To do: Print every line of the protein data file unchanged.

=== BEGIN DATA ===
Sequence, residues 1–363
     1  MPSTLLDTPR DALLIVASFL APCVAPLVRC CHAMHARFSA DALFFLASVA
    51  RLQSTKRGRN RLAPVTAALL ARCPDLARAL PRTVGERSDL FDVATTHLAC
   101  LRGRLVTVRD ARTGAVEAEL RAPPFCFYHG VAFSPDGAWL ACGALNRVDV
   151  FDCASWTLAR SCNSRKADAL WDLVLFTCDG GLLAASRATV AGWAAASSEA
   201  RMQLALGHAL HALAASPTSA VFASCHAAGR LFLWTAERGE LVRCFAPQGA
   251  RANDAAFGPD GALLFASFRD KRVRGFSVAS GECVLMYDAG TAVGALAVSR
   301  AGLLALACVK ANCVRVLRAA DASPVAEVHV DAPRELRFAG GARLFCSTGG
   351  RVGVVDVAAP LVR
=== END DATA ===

Sequence, residues 1–363
     1  MPSTLLDTPR DALLIVASFL APCVAPLVRC CHAMHARFSA DALFFLASVA
    51  RLQSTKRGRN RLAPVTAALL ARCPDLARAL PRTVGERSDL FDVATTHLAC
   101  LRGRLVTVRD ARTGAVEAEL RAPPFCFYHG VAFSPDGAWL ACGALNRVDV
   151  FDCASWTLAR SCNSRKADAL WDLVLFTCDG GLLAASRATV AGWAAASSEA
   201  RMQLALGHAL HALAASPTSA VFASCHAAGR LFLWTAERGE LVRCFAPQGA
   251  RANDAAFGPD GALLFASFRD KRVRGFSVAS GECVLMYDAG TAVGALAVSR
   301  AGLLALACVK ANCVRVLRAA DASPVAEVHV DAPRELRFAG GARLFCSTGG
   351  RVGVVDVAAP LVR